COVID-19

Tribes plan for COVID relief spending, brace for challenges

Savannah Maher Jun 7, 2021
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The American Rescue Plan includes $20 billion for tribal governments. But hitches in the aid provided by the CARES Act in 2020 prevented full and effective use of the funds. hapabapa via Getty Images
COVID-19

Tribes plan for COVID relief spending, brace for challenges

Savannah Maher Jun 7, 2021
Heard on:
The American Rescue Plan includes $20 billion for tribal governments. But hitches in the aid provided by the CARES Act in 2020 prevented full and effective use of the funds. hapabapa via Getty Images
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Leaders of the Eastern Shoshone Tribe in Wyoming are used to carefully planning for every dollar that comes their way. But last year, it was hard to plan for the aid they received under the Coronavirus Aid, Relief and Economic Security Act.

“The money came at us quick, and it was a flurry,” said Karen Snyder, the tribe’s pandemic response coordinator. 

Starting in late spring 2020, Snyder said, the tribe received close to $14 million in badly needed CARES Act aid. But a Dec. 30 spending deadline gave the tribe just six months to put it to use.

“I just don’t think that deadline was ever realistic, nor was it conducive to us doing good planning,” Snyder said. 

Close to half of the money was paid directly to tribal citizens as hardship aid. And the tribe prepaid for materials and labor contracts to weatherize 200 elders’ homes ahead of the deadline.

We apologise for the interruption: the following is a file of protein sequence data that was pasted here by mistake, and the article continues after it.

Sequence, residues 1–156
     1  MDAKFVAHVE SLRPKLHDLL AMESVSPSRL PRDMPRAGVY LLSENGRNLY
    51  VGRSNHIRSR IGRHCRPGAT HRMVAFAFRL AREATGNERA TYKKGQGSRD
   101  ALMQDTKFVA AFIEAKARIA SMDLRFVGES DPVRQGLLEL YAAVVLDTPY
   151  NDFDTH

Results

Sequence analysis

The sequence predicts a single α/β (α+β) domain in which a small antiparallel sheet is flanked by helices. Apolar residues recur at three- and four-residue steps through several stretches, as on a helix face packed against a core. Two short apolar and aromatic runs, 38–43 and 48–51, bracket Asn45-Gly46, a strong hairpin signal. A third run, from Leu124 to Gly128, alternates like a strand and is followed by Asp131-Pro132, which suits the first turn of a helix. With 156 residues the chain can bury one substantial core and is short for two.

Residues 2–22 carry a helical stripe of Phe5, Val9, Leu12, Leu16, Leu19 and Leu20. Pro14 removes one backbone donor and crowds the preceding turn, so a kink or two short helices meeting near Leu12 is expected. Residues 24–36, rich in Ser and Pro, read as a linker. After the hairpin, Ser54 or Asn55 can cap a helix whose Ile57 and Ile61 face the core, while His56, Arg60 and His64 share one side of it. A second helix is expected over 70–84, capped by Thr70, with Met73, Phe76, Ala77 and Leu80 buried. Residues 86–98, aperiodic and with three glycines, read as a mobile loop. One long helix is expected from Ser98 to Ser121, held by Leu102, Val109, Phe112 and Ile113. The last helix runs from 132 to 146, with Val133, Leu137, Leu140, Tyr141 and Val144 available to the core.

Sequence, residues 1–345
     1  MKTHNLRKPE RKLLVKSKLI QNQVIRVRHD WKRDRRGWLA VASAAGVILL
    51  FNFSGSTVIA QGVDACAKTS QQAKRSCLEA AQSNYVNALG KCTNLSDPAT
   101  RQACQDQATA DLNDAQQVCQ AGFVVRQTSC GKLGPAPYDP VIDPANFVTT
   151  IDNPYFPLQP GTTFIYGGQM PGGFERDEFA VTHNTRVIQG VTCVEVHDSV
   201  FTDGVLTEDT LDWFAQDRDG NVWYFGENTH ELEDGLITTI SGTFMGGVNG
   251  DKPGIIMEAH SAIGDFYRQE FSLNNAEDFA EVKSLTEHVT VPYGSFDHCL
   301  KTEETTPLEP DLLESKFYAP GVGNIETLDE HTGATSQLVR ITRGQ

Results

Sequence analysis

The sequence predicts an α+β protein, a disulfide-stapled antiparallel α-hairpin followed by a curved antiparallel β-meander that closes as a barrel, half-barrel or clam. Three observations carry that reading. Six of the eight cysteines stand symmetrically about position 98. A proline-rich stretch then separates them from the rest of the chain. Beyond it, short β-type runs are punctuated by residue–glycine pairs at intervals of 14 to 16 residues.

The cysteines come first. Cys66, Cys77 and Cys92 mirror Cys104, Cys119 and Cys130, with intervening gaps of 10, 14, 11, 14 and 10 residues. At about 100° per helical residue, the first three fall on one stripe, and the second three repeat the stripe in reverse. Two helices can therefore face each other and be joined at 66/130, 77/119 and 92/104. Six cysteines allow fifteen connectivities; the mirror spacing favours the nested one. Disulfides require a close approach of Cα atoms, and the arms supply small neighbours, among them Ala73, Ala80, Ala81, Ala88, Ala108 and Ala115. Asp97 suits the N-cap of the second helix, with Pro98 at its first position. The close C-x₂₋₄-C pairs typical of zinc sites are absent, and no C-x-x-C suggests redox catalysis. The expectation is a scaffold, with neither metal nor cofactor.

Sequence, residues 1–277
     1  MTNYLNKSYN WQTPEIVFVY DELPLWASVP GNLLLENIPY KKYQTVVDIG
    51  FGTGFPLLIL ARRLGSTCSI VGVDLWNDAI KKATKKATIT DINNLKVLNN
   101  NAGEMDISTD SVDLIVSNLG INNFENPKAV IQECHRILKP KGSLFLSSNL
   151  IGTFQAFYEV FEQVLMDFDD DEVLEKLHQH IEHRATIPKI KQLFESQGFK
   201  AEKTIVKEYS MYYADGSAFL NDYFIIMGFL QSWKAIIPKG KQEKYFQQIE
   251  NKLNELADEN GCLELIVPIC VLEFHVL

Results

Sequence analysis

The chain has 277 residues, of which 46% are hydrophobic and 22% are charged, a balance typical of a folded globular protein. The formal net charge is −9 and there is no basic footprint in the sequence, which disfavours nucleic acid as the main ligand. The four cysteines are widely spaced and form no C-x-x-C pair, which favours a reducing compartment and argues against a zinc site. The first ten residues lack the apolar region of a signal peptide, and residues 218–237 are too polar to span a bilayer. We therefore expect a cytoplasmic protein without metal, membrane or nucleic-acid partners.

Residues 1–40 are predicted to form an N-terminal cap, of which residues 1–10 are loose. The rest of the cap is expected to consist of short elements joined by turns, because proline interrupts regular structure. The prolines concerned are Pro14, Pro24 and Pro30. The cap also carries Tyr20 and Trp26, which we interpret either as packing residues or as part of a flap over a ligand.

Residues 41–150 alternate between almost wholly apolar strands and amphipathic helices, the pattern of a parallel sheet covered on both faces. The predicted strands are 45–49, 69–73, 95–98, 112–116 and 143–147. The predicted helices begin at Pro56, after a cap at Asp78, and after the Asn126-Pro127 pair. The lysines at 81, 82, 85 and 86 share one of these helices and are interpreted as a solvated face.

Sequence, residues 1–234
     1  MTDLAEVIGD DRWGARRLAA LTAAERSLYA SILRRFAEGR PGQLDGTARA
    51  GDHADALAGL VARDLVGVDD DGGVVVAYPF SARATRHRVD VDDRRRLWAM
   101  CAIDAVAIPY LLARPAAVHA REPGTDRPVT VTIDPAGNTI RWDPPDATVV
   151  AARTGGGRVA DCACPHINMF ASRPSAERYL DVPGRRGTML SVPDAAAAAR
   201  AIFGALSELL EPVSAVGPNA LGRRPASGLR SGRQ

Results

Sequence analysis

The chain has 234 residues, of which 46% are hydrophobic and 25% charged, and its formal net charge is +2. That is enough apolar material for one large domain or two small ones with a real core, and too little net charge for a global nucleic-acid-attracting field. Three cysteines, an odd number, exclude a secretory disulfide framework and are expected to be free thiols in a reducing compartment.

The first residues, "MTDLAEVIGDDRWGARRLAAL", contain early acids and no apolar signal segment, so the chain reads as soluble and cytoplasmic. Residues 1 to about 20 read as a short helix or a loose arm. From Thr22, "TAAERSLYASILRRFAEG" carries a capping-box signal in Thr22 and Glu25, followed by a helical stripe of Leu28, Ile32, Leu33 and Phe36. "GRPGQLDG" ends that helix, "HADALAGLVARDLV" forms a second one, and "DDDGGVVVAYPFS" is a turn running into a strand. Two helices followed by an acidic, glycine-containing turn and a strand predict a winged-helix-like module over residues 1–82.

Then, just days before that deadline, Congress extended it to the end of 2021. 

“It was very counterproductive for them to wait until the final hour, I mean to us, out in Indian Country, who were sweating bullets,” Snyder said. 

President Joe Biden’s American Rescue Plan, or ARPA, includes $20 billion for tribal governments — an unprecedented amount of aid. It gives tribes through 2024 to spend the funds.

“To me, that’s one of the most important differences between the CARES Act and ARPA,” said Eric Henson, a researcher with Harvard University’s Project on American Indian Economic Development. 

He said that timeline allows for spending on what tribal communities really need: improvements to health care, housing and water infrastructure. “Because that’s the platform on which you can lift yourself up going forward,” Henson said. 

But it’s not yet completely clear what’s allowed. And last year, Henson said, tribes received little guidance about spending decisions. He co-authored a policy brief calling for the U.S. Treasury Department to allow for broad spending and to provide more technical support to tribal leaders as they spend the aid. 

“A tribe might ask, ‘Hey, we’re going to invest some of these dollars in our water infrastructure, but we need to greatly enhance the electrification around it all to ensure the water and sewer works. Is that OK?'” Henson said. “Treasury should have a team of people in place who are equipped to field an inquiry like that pretty quickly.” 

There was another problem with last year’s CARES Act: the allocation formula used to divide the money. Some tribes argued it relied on flawed federal data about each tribe’s population, causing them to lose out on millions in aid. Some successfully sued the federal government for their fair shares. 

This time around, Snyder said she’s relieved that the allocation formula will use self-reported tribal population numbers. 

“This is the biggest injection of funding into Indian Country that’s probably going to ever happen in my lifetime,” she said. 

If the disbursement is done correctly, she said, the money will be transformative.

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